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The River Severn comes into view

 

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Arrive at Gloucester Cathedral and am welcomed by the Dean, Stephen Lake. A busy day there, with installation of a new chorister at Evensong and The Princess Royal expected for an evening function for St George's Day.

 

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Project Pilgrim at Gloucester is coming to a conclusion and magnificent it all is:
- wonderful landscaping in the Close
- beautiful new inner south porch
- splendid new welcome area and interpretation throughout the building

Congratulations to all - a huge transformation!

 

Day 3

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Setting out from Gloucester - rainy today!

 

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Wonderful tithe barn at Ashleworth

 

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Ashleworth Church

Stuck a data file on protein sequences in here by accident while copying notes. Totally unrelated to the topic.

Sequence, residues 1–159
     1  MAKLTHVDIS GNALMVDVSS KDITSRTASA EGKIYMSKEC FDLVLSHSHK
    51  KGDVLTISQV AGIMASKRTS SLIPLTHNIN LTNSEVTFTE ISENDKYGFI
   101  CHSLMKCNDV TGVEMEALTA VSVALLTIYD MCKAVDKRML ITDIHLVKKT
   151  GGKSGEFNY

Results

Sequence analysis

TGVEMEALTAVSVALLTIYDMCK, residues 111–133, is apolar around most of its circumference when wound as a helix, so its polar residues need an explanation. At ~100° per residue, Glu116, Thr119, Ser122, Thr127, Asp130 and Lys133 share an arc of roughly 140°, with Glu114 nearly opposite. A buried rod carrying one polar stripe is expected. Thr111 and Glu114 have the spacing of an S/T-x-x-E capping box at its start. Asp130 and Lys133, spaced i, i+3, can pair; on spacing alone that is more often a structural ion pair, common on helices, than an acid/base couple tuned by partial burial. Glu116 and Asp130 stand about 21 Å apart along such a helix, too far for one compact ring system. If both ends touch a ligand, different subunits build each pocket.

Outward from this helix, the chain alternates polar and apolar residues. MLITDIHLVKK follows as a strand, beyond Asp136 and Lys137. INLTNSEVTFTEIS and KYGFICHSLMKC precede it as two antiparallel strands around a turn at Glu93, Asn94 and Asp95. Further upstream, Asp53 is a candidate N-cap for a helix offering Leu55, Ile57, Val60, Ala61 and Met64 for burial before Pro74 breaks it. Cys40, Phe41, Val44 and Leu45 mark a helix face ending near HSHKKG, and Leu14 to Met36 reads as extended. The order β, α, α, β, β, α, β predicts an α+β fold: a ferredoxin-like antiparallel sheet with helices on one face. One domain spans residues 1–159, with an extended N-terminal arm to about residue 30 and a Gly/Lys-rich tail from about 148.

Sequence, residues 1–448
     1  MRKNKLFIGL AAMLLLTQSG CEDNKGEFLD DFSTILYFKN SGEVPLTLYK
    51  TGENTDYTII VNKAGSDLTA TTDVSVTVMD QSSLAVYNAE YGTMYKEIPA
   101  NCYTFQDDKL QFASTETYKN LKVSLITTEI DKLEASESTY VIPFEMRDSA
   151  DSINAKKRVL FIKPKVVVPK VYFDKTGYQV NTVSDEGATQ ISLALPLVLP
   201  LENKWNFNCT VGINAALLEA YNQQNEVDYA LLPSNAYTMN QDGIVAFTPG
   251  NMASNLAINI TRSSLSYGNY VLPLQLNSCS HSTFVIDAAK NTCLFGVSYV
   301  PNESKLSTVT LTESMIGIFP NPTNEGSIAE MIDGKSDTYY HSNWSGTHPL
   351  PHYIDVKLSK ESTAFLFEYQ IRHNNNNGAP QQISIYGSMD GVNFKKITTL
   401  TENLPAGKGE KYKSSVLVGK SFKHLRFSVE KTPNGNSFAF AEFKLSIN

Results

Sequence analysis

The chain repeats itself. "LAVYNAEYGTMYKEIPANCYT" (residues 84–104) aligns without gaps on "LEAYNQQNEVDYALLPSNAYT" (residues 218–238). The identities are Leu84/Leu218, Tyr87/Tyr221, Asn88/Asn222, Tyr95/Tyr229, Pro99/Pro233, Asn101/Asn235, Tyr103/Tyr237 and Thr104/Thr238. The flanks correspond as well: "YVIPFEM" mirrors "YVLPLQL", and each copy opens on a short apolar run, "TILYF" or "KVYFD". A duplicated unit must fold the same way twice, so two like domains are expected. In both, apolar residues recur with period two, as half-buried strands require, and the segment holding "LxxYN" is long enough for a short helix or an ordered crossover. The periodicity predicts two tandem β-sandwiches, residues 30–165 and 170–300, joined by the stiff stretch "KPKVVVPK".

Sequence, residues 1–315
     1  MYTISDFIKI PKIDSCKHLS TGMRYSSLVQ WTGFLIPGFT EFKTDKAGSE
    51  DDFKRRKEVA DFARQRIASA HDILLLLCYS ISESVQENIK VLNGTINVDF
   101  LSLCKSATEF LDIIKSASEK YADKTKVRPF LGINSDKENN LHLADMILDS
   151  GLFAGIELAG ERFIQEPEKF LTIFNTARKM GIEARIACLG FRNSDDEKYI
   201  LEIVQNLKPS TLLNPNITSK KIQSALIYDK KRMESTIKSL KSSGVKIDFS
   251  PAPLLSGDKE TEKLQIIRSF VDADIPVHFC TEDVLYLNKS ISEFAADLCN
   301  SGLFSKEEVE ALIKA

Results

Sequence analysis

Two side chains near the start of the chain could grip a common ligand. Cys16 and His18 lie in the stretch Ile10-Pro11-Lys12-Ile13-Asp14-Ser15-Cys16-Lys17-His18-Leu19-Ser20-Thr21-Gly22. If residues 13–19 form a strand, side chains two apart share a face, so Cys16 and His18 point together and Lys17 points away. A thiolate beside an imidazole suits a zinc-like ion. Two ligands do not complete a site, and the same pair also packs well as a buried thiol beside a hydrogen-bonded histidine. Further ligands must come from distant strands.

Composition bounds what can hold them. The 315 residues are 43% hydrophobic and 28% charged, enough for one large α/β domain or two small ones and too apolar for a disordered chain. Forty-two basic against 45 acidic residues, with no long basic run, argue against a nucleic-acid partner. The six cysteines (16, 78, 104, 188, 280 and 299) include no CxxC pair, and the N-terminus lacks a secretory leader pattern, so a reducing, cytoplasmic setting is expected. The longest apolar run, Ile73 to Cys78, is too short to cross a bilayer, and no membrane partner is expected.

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Inside Ashleworth Church. No carpets, I see - the church is prone to flooding.

 

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On to Deerhurst, with its two Saxon churches - this one is Odda's chapel dating from the 1060s.

 

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 And the Priory church itself dating from c. 800.

 

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Wonderfully lit Saxon font

 

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And delightful beast heads carved either side of the door.

 

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Deerhurst isn't just Saxon - the sanctuary furnishings are a rare survival of 17th century woodwork.

 

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David Coulton, an old friend and one of the clergy at Tewkesbury Abbey walks with me from Deerhurst to Tewkesbury.

 

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And there's a welcome from old friends at the Abbey!

 

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I always love the Easter Garden at Tewkesbury Abbey - life sized and beautifully lit.

 

Day 4

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After three days walking I've covered 45 miles but back in Hereford on Wednesday. Visit of Sophie, Countess of Wessex to see Poppies and to spend time with the wonderful ladies who were part of the ammunitions team during WW2 - what a great record of service and how lovely that they're at last being recognised. HRH was lovely with them and her visit was hugely appreciated.